We tend to trust people in authority. Why not, right? They are experts in their field and most of the time, they know what they are talking about.
But sometimes blind trust in one person can cause you to make wrong decisions or prevent you from making right ones.
Vets are an example of people in authority. They have spent years studying and treating animals, and what they say carries weight. But we need to be aware that not all of them have the same level of experience in different aspects of veterinary science.
Don’t get me wrong, I am not asking you to not trust your vet. I am asking you to be discerning.
More different than the same?
The types of animals they see, the years of experience, the conditions they are often exposed to, the specialities they choose to pursue, and their interest in different subjects have shaped them to be the vets they are today.
Not to mention, some clinics are more technologically advanced and some take a more holistic approach than others.
Before choosing a vet, visit their website to understand the clinic’s general approach and also read the vet’s profile. This will give you a good overview of what they are good at and focus on. You can also call the clinic and talk to them about you and your dog’s needs before booking an appointment.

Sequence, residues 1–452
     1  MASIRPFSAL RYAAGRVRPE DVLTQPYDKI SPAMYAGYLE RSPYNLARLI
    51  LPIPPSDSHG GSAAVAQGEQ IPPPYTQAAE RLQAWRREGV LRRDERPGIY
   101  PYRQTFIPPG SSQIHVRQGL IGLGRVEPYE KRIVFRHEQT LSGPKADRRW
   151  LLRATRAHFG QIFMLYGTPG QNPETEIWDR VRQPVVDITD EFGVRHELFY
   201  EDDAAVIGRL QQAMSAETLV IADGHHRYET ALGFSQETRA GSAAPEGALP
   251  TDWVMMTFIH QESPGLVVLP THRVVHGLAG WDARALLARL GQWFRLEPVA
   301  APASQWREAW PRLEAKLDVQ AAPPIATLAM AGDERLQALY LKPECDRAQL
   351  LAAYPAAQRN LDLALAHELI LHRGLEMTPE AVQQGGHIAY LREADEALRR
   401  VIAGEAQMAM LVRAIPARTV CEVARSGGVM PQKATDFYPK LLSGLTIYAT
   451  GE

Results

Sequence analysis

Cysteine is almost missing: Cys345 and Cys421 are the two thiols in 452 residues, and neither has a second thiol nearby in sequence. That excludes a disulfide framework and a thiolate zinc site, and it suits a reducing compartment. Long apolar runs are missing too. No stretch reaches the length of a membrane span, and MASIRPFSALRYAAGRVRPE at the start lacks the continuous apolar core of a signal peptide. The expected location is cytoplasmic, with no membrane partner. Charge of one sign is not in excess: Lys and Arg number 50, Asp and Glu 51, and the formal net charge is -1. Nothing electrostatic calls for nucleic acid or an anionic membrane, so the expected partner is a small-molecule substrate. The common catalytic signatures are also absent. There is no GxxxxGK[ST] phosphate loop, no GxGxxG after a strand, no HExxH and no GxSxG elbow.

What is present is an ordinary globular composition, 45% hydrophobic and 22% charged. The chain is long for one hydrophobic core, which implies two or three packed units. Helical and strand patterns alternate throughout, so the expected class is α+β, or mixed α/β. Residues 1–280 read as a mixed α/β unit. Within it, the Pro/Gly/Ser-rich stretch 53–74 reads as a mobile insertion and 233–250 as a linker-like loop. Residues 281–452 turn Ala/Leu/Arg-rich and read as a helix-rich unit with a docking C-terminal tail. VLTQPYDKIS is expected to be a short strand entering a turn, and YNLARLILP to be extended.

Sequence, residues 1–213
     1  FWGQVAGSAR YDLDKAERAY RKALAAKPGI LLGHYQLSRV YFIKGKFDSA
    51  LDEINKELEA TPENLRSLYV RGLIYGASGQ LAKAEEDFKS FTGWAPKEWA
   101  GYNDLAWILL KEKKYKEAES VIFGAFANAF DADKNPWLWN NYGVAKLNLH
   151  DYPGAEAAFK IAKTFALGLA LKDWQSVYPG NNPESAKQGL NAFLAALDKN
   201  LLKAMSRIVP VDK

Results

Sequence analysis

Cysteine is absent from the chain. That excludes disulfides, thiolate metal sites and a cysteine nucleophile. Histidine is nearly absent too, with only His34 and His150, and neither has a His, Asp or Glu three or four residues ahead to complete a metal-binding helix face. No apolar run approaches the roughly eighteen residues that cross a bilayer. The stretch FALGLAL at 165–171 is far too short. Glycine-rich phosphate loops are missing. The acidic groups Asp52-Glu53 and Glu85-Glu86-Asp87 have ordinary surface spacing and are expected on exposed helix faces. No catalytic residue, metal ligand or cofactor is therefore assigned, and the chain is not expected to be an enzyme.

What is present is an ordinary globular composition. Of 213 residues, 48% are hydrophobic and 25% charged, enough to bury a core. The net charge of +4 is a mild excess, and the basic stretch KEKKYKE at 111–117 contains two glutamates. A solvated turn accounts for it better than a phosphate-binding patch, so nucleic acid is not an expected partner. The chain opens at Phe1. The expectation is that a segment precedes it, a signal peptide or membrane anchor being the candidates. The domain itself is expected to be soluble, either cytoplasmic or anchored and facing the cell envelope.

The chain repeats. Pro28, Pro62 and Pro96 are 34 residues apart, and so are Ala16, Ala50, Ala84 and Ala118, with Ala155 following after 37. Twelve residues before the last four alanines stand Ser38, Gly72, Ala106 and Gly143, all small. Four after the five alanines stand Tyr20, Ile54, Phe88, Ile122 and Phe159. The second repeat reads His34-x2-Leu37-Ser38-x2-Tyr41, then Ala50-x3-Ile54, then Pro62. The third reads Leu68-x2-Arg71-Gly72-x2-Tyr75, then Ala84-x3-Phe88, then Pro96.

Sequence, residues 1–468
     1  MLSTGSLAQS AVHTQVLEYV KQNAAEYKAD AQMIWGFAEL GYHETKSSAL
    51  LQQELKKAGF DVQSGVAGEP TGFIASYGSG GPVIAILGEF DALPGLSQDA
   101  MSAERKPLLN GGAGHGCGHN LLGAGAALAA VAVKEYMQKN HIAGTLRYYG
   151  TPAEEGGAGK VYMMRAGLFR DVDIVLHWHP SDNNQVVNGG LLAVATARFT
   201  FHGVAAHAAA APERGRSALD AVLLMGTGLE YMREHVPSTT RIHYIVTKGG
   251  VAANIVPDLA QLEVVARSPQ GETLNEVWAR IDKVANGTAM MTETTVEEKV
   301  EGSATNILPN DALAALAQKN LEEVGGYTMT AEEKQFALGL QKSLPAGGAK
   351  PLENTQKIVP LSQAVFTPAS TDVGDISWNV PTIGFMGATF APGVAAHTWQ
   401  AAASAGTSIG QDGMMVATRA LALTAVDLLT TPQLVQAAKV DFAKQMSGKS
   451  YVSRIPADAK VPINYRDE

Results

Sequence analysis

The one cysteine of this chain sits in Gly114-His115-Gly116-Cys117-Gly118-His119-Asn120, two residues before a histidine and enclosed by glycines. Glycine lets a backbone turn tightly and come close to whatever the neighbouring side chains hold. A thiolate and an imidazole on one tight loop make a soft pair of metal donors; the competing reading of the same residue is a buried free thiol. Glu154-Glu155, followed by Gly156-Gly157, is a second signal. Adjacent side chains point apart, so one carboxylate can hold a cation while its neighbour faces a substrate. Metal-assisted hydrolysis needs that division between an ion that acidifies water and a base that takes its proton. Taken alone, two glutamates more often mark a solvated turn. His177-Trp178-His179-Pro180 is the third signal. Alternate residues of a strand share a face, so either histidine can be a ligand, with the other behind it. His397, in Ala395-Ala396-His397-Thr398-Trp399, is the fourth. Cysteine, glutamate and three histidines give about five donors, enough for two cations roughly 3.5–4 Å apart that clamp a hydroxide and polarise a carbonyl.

Also, ask around for vet recommendations for the specific conditions you need them for.
Some conditions may be more effective if complemented by Traditional Chinese Medicine. But not all vets are trained in it and therefore may never recommend it.
The best vet may not be the same vet
A vet for yearly checkups and minor conditions doesn’t have to be the vet you see for more serious conditions. The vet you see when your dog is young may not be the best vet for your dog when she’s old.
If your vet is not able to give you a satisfactory diagnosis or treatment approach and doesn’t refer you to someone else, get a second opinion yourself.
Sometimes two vets can have completely different diagnoses for the same symptoms!
Imagine the difference it can make if one vet calls for a test that would end up identifying the cause while the other vet doesn’t. Or if one vet has seen a similar case recently while the other vet hasn’t.
For example, my friend’s dog has been coughing and after seeing two vets and going through multiple tests, they only got the correct diagnosis from the third vet. That doesn’t mean the previous vets aren’t good vets. All the moving parts just don’t click sometimes.
Even with the same diagnosis, the treatment methods can be vastly different too.
For Latte, we always believe in going to a different vet if they have more experience in a specific condition or has a treatment approach that I am more comfortable with.
So, if your dog ever needs to see a vet, keep this in mind!
ALSO READ: A list of recommended vets in Singapore.
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